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Grief Lessons

By Barbara Ivusic All Rights Reserved ©


Chapter 1


The morning sun was vibrant as it made its way across the sky, energising the birds which swerved and dodged over the high pine trees above the procession, making brown needles fall onto the varnished timber coffin. The graveyard was situated on a magnificent cliff overlooking the Adriatic Sea on the Dalmatian Coast. People gathered and offered their condolences to the family of the deceased man. Tomislav lay beneath the ground, still and mute. His navy colleagues knew him nine months in a year and in those months he was accustomed to being admired and respected. Those closest to him knew that Tomislav’s character oscillated between extreme confidence and extreme vulnerability, like Achilles whose weakness is the knowledge that there is such a thing as weakness, that there is such a thing as human limitation, and a fate that could not be changed.

“We will remember him for his love of life, his energy and his strength. We will remember him in our hearts.” An officer in uniform voiced to the crowd that stood around the flower-covered coffin and the Yugoslavian flag which drooped in the easing wind.  

His wife Magda starred through the black lace veil which fell over her eyes, her glare unfaltering and still. She looked down at her shoes, and upon noticing that they were dirty she developed an urge to make them even dirtier, to allow herself that one freedom and be exempted from judgment, because after all, it was her husband’s funeral and she was the widow for whom everyone was supposed to feel pity. She suddenly felt self-conscious, realising that all eyes were on her, anxiously awaiting her reaction, as if it was her show; her performance. Magda listened to her own thoughts and allowed them to soothe her. This was the way in which Magda had learnt to cope over the years, a way in which she withdrew from the scene and into her own mind, gradually becoming skillful at doing so.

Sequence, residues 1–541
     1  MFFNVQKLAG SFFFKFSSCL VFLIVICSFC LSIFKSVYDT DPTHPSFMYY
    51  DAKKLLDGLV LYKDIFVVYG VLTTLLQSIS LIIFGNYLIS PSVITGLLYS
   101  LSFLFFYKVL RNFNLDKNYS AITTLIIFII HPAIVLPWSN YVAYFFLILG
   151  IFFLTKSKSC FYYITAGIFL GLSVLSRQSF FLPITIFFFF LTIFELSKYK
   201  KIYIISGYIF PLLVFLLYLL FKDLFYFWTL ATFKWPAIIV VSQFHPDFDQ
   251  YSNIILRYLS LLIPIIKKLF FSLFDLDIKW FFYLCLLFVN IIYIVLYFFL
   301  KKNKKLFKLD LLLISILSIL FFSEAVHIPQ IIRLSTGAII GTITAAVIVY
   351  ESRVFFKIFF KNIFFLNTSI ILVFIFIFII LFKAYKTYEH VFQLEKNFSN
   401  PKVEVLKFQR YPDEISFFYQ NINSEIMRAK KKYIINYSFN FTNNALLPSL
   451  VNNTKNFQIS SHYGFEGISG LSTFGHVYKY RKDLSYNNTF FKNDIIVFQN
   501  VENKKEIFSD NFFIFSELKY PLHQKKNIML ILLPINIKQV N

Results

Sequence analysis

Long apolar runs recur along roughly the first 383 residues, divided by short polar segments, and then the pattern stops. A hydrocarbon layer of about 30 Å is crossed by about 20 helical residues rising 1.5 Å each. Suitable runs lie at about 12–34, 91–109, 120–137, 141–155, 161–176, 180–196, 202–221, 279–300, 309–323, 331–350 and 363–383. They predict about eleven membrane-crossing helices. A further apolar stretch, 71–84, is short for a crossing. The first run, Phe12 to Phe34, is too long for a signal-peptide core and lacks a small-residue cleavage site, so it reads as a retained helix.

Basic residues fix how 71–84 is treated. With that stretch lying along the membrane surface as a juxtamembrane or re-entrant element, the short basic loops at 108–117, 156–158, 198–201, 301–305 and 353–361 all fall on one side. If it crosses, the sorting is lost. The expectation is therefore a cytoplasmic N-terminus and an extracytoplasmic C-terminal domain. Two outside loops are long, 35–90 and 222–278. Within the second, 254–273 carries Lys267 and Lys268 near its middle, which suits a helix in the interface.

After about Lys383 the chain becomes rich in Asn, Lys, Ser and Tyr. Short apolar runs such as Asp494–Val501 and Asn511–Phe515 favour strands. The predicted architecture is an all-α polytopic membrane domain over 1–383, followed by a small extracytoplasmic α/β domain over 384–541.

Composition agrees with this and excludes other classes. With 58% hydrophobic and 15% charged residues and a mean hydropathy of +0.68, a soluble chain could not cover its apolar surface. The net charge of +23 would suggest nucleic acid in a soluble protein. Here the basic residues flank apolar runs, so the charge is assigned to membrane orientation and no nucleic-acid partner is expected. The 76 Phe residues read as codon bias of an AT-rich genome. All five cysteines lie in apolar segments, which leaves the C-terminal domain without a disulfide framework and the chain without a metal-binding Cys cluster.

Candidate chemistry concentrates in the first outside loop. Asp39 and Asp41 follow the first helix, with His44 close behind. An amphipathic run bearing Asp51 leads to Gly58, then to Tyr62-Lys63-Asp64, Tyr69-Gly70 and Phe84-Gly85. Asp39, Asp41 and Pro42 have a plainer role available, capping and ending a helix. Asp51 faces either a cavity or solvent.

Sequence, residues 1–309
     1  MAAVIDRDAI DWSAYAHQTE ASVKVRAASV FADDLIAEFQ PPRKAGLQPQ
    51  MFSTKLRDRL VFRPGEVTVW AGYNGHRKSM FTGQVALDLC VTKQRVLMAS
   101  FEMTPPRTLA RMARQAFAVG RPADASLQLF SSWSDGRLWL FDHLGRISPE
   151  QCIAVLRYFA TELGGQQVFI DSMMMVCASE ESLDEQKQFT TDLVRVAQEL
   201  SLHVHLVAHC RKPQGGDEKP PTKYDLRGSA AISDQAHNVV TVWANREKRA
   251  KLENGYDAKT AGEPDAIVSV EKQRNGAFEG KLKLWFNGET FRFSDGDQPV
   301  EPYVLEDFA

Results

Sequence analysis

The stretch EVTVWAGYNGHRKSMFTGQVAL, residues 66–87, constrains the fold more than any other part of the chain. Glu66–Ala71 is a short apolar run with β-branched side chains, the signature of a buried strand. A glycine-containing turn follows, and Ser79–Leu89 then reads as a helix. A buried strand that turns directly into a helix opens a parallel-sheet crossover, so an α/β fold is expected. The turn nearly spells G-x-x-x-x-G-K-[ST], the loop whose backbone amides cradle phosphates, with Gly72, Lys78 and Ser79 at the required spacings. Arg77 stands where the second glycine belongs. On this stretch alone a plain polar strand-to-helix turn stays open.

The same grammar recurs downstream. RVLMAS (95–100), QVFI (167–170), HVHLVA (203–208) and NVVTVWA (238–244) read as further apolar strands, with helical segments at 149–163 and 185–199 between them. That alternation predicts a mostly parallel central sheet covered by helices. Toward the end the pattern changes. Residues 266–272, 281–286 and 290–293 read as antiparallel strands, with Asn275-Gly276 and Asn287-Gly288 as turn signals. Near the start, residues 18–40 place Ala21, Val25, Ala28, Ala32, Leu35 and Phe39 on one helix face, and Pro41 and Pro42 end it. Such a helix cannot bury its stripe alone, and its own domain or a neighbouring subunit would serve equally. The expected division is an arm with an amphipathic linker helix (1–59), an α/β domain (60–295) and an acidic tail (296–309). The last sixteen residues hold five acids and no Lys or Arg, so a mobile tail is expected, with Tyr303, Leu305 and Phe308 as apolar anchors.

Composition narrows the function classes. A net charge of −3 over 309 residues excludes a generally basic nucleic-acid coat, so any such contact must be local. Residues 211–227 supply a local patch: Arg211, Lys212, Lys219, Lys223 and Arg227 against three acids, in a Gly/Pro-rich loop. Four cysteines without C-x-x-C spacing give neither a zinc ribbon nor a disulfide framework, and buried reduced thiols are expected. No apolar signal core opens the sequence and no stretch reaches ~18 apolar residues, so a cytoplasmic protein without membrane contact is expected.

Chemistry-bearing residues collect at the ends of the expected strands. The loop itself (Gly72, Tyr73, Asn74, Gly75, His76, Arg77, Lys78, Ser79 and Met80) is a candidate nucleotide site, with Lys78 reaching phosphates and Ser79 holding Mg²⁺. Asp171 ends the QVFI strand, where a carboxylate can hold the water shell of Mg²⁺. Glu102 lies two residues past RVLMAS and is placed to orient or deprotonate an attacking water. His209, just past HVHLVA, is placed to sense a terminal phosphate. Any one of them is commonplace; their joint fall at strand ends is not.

The priest started to talk in religious jargon, occasionally raising his voice and lifting his arms into the air, but Magda did not hear him. She looked at her two sons, Niko and Baldo, their faces pallid and somehow worn. It had been a few days since they had rested, for the ordeal of organising the funeral and driving backwards and forwards from their house in the countryside and into Dubrovnik had taken its toll. She stretched her hand out to Baldo; his little palm felt sweaty in her own hand as she squeezed it. She pulled him to her, his little body swaying tiredly as he leaned closer to his mother. He watched the coffin being layered into the ground, half comprehending what it meant to be buried, half dismayed by the ritual. Baldo turned to his brother Niko, who was much older than himself, and whom he considered to be full of knowledge and wisdom, someone to run to when things got difficult in life. Baldo looked at his brother with fear written all over his little face and whispered softly but just loud enough for Niko to hear:

“What’s gonna happen, what’s gonna happen, what’s gonna happen?” He chanted this so often, that Niko couldn’t help but smile at his brother when he saw the fear on his face, for he had seen it very often when the little boy felt confused or anxious.

“Nothing’s gonna happen. It’s alright, turn your eyes away.” Niko said this line as if saying it for the hundredth time, a little too accustomed to the nature of reassurance.

When the coffin was fully lowered into the ground and the heavy piece of marble positioned over it, Baldo began to understand that the open hole in the ground and the tall pine trees above them were now the roof of his father’s new house; the large piece of marble, his permanent ceiling.

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